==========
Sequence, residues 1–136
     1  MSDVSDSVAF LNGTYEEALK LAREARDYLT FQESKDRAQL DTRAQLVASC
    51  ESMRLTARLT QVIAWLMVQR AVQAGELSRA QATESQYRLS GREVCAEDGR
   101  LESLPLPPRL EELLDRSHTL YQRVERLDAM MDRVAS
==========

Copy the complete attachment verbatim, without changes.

Sequence, residues 1–136
     1  MSDVSDSVAF LNGTYEEALK LAREARDYLT FQESKDRAQL DTRAQLVASC
    51  ESMRLTARLT QVIAWLMVQR AVQAGELSRA QATESQYRLS GREVCAEDGR
   101  LESLPLPPRL EELLDRSHTL YQRVERLDAM MDRVAS